On any other night, the Washington National Opera presentation of “Silent Night,” by composer Kevin Puts and librettist Mark Campbell, in the Kennedy Center’s Eisenhower Theater could have been just another busy and buzzy opening night at the opera.
It was. And mostly it wasn’t. It was, particularly on this night and in this time, a very different opera night, a very different opera, over and above and around the fact that it was a representative example of a “new” or “contemporary” opera.
Running through Nov. 25, this staging is from the Wexford Festival and in partnership with the Atlanta Opera and the Glimmerglass Festival. The opera premiered at Minnesota Opera back in 2011, garnering a Pulitzer Prize the following year for Puts.
“Silent Night” has gained in popularity and has been repeatedly staged, but the time itself and timing injected something into the evening that took on the nature of an event, with an overlay of urgent immediacy and an underpinning of intimacy for many in the audience.
This was, after all, a night which would be followed the next day by the formal commemoration of the 100th anniversary of the signing of the Armistice which ended World War I, marked by a gathering of world leaders, including President Donald Trump, in Paris.
The ongoing events in Europe — heartfelt, somber, at times controversial — echoed mightily during the course of the performance of “Silent Night,” providing a large-tent context to a true story that occurred on the Western Front, near Belgium, on Christmas Eve, only some four horrific months after the start of World War I. Many of the audience members must have felt some kinship with the names of the dead seen in a moving list on stage.
Almost from the beginning the audience was in the midst of a highly resonant atmosphere, in which the stories of a group of Scottish, French and German soldiers were each presented in a layered, horizontal stack that resembled floors in a parking garage.
Things began with what appeared to be an actual performance of a quasi-real opera, a Mozartian gambol for high-ranking German aristocrats by soprano Anna Sorensen (Raquel González) and tenor Nikolaus Sprink (Alexander McKissick), who are a couple. Sprink is drafted, and joins a German unit after the start of hostilities.
We see two brothers in Scotland, who volunteer and head for France with their village priest. Occupying the middle level is the French Lt. Audebert, who feels compelled to volunteer, leaving behind his pregnant wife.
And now it’s Christmas eve, and all are already wearied, worn out by the war. One of the brothers has been killed, mourned violently by his sibling. Anna and Nikolaus head off for the front.
And suddenly, everything changes. The Scots play mournful music on their bagpipes, Christmas trees from the crown prince arrive for the German contingent, while the French open bottles of champagne. And Sprink, the German, runs into no man’s land and no one shoots. Sprink and Sorensen sing for the troops.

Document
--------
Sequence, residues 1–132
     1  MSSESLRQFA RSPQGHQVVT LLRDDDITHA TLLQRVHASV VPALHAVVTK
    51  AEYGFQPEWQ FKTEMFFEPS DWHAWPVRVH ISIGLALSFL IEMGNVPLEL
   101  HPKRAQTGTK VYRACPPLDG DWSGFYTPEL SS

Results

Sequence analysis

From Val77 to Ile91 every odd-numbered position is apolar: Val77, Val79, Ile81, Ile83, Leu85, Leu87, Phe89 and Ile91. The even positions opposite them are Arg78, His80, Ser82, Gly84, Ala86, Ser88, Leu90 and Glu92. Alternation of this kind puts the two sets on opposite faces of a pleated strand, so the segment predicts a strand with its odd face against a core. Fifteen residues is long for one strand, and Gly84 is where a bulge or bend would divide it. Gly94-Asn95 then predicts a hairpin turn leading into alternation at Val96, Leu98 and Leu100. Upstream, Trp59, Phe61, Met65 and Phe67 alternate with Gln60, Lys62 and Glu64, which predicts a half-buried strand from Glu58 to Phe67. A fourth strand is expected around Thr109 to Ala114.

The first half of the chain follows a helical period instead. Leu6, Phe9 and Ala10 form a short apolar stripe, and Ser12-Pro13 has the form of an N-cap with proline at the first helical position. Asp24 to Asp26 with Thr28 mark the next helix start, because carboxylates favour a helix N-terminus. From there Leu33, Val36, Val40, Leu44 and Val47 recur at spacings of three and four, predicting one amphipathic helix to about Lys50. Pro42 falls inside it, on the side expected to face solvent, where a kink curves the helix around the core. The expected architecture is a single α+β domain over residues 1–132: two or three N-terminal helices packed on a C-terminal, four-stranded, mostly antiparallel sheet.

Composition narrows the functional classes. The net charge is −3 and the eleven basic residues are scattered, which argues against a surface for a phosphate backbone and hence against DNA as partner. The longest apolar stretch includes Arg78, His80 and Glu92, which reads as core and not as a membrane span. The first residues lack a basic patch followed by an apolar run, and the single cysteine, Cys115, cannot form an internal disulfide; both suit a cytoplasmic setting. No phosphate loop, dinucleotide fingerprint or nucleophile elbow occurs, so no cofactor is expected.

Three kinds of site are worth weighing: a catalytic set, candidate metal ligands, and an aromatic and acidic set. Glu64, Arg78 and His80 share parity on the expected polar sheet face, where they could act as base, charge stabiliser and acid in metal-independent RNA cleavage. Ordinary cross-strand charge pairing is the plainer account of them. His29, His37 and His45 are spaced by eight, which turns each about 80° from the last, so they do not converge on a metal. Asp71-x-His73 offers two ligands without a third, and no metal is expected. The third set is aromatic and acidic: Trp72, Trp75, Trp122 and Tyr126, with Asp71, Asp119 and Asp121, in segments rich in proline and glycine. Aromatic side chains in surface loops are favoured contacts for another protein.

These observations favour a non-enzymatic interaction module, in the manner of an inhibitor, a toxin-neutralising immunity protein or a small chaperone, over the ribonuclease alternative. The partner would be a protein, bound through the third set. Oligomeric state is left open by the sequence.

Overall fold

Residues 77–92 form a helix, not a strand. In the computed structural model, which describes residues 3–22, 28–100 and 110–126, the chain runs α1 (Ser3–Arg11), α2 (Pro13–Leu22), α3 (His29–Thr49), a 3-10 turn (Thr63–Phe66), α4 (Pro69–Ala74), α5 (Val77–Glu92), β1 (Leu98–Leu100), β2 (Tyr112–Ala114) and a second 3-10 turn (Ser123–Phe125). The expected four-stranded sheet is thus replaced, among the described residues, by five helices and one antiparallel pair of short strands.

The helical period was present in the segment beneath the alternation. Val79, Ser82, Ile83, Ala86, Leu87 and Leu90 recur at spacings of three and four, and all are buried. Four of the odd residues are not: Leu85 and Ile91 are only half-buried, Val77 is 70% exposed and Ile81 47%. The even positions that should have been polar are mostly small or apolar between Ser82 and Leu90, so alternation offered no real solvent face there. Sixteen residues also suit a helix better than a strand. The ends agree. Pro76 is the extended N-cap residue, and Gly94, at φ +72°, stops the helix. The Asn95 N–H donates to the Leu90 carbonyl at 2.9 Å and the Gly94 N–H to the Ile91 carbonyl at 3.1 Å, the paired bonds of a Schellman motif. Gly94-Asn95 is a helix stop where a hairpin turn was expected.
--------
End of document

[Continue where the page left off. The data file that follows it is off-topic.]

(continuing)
Soon enough, the leaders — the German captain, the French lieutenant, the Scottish commander — are exchanging greetings, singing, giving out their names. For one day, they declare a truce, a cease-fire.
That’s the essence of the event. Soldiers, speaking different languages, wearing different uniforms, all bearing arms, see each other for a time as if naked. They laugh, the French drink German beer, the Germans taste French chocolate (“sehr gut”), the Scots share food and all join together for a Christmas Eve Mass led by the Scottish priest. “It’s my first Christmas,” the German commander says. “I’m Jewish.”
And what do Puts and Campbell do with all this, musically and word- and world-wise? There are arias, to be sure, and impassioned furious outbursts of grief and hopelessness. There are songs and musical exchanges that sound like colloquial conversation of some higher and sometimes lower order. There are sprinklings of music as noise, indicating spent feelings.
It seems to me that Puts has found music — some of it atonal or discordant, some of it lyrical — in all of the men, not to mention the glorious voices of González and McKissick.
The singing resembles personality more than songs: deep roars from the general, some terrible longing and melancholy for the French commander, the brotherly, keening anguish of the brotherless young man and so on. But things overlap. You often hear the nuanced musical implications of a corpse put on a stretcher, the faraway, rising thunder of artillery, the memories carried of life before insanity.
Puts, it seems has found a companion to Campbell’s words. It’s a match steeped in empathy for the narrative and reality of the narrative. The collaboration of words and music share a sympathy for a fraught, unique moment.
There’s no way of knowing what subsequent audiences will react to here. The singing and performing is all done by former and current members of the Domingo-Cafritz Young Artist Program and the WNO Chorus to great and fresh effect. That particular performance was in the service of the service men, in honor of the veterans of the U.S. Armed Forces, and the next day was both Armistice Day and Veterans Day, but the days and nights after that belong to everyone.
There was in the course the performance a kind of movement and rising of symphonic-sized scoring, but other moments resembling a shared sigh. It seemed music both old and new, and it spoke to the uncommon commonality both seen and heard on stage.